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Robert Green Ingersoll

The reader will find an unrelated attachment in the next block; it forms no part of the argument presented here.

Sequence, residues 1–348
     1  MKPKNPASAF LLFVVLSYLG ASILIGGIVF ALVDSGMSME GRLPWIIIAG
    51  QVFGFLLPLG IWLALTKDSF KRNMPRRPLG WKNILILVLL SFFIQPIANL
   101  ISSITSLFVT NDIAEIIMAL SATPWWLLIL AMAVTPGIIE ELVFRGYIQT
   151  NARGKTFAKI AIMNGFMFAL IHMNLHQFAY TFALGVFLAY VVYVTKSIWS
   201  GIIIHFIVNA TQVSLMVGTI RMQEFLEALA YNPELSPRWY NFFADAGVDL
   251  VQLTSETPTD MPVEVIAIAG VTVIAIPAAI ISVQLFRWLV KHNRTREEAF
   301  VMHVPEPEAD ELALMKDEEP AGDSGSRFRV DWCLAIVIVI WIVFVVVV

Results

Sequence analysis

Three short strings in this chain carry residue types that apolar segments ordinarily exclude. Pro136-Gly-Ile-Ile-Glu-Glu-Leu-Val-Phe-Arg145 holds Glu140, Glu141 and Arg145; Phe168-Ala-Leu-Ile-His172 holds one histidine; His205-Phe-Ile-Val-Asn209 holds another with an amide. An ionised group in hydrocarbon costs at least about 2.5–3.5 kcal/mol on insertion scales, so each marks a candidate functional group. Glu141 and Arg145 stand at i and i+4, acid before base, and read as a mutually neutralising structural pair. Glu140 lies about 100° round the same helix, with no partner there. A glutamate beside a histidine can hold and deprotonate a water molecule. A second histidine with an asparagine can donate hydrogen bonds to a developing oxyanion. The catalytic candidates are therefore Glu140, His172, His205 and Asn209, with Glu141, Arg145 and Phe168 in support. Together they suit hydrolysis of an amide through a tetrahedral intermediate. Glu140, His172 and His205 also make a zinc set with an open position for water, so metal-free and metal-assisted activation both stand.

ORGANIZED CHARITIES. I HAVE no great confidence in organized charities. Money is left and buildings are erected and sinecures provided for a good many worthless people. Those in immediate control are almost, or when they were appointed were almost, in want themselves, and they naturally hate other beggars. They regard persons who ask assistance as their enemies. There is an old story of a tramp who begged a breakfast. After breakfast another tramp came to the same place to beg his breakfast, and the first tramp with blows and curses drove him away, saying at the same time: "I expect to get dinner here myself." This is the general attitude of beggar toward beggar. Another trouble with organized charities is the machinery, the various methods they have adopted to prevent what they call fraud. They are exceedingly anxious that the needy, that those who ask help, who have been without fault, shall be attended to, their rule apparently being to assist only the unfortunate perfect. The trouble is that Nature produces very few specimens of that kind. As a rule, men come to want on account of their imperfections, on account of their ignorance, on account of their vices, and their vices are born of their lack of capacity, of their want of brain. In other words, they are failures of Nature, and the fact that they need help is not their own fault, but the fault of their construction, their surroundings. Very few people have the opportunity of selecting their parents, and it is exceedingly difficult in the matter of grandparents. Consequently, I do not hold people responsible for hereditary tendencies, traits and vices. Neither do I praise them for having hereditary virtues. A man going to one of these various charitable establishments is cross-examined. He must give his biography. And after he has answered all the supercilious, impudent questions, he is asked for references. Then the people referred to are sought out, to find whether the statements made by the applicant are true. By the time the thing is settled the man who asked aid has either gotten it somewhere else or has, in the language of the Spiritualists, "passed over to the other side." Of course this does not trouble the persons in charge of the organized charities, because their salaries are going on. As a rule, these charities were commenced by the best of people. Some generous, philanthropic man or woman gave a life to establish a "house," it may be, for aged women, for orphans, for the waifs of the pavements. These generous people, filled with the spirit of charity, raised a little money, succeeded in hiring or erecting a humble building, and the money they collected, so honestly given, they Bank of Wisdom Box 926, Louisville, KY 40201 14 ORGANIZED CHARITIES. honestly used to bind up the wounds and wipe away the tears of the unfortunate, and to save, if possible, some who had been wrecked on the rocks and reefs of crime. Then some very rich man dies who had no charity and who would not have left a dollar could he have taken his money with him. This rich man, who hated his relatives and the people he actually knew, gives a large sum of money to some particular charity -- not that he had any charity, but because he wanted to be remembered as a philanthropist. Then the organized charity becomes rich, and the richer the meaner, the richer the harder of heart and the closer of fist. Now, I believe that Trinity Church, in this city, would be called an organized charity. The church was started to save, if possible, a few souls from eternal torment, and on the plea of saving these souls money was given to the church. Finally the church became rich. It is now a landlord -- has many buildings to rent. And if what I hear is true there is no harder landlord in the city of New York. So, I have heard it said of Dublin University, that it is about the hardest landlord in Ireland. I think you will find that all such institutions try to collect the very last cent, and, in the name of pity, drive pity from their hearts. I think it is Shakespeare who says, "Pity drives out pity," and he must have had organized charities in his mind when he uttered this remark. Of course a great many really good and philanthropic people leave vast sums of money to charities. I find that it is sometimes very difficult to get an injured man, or one seized with some sudden illness, taken into a city hospital. There are so many rules and so many regulations, so many things necessary to be done, that while the rules are being complied with the soul of the sick or injured man, weary of the waiting, takes its flight. And after the man is dead, the doctors are kind enough to certify that he died of heart failure. So -- in a general way -- I speak of all the asylums, of all the homes for orphans. When I see one of those buildings I feel that it is full of petty tyranny, of what might be called pious meanness, devout deviltry, where the object is to break the will of every recipient of public favor. I may be all wrong. I hope I am. At the same time I fear that I am somewhere near right. You may take our prisons; the treatment of prisoners is often infamous. The Elmira Reformatory is a worthy successor of the Inquisition, a disgrace, in my judgment, to the State of New York, to the civilization of our day. Every little while something comes to light showing the cruelty, the tyranny, the meanness, of these Bank of Wisdom Box 926, Louisville, KY 40201 15 ORGANIZED CHARITIES. professional distributors of public charity -- of these professed reformers. I know that they are visited now and then by committees from the Legislature, and I know that the keepers of these places know when the "committee" may be expected. I know that everything is scoured and swept and burnished for the occasion; and I know that the poor devils that have been abused or whipped or starved, fear to open their mouths, knowing that if they do they may not be believed and that they will be treated afterward as though they were wild beasts, I think these public institutions ought to be open to inspection at all times. I think the very best men ought to be put in control of them. I think only those doctors who have passed, and recently passed, examinations as to their fitness, as to their intelligence and professional acquirements, ought to be put in charge, I do not think that hospitals should be places for young doctors to practice sawing off the arms and legs of paupers or hunting in the stomachs of old women for tumors. I think only the skillful, the experienced, should be employed in such places. Neither do I think hospitals should be places where medicine is distributed by students to the poor. Ignorance is a poor doctor, even for the poor, and if we pretend to be charitable we ought to carry it out. I would like to see tyranny done away with in prisons, in the reformatories, and in all places under the government or supervision of the State. I would like to have all corporal punishment abolished, and I would also like to see the money that is given to charity distributed by charity and by intelligence. I hope all these institutions will be overhauled. I hope all places where people are pretending to take care of the poor and for which they collect money from the public, will be visited, and will be visited unexpectedly and the truth told. In my judgment there is some better way. I think every hospital, every asylum, every house for waifs and orphans should be supported by taxation, not by charity; should be under the care and control of the State absolutely. I do not believe in these institutions being managed by any individual or by any society, religious or secular, but by the State. I would no more have hospitals and asylums depend on charity than I would have the public school depend on voluntary contributions. I want the schools supported by taxation and to be controlled by the State, and I want the hospitals and asylums and charitable institutions founded and controlled and carried on in the same way. Let the property of the State do it. Bank of Wisdom Box 926, Louisville, KY 40201 16 ORGANIZED CHARITIES. Let those pay the taxes who are able. And let us do away forever with the idea that to take care of the sick of the helpless, is a charity. It is not a charity. It is a duty. It is something to be done for our own sakes. It is no more a charity than it is to pave or light the streets, no more a charity than it is to have a system of sewers. It is all for the purpose of protecting society and of civilizing ourselves. END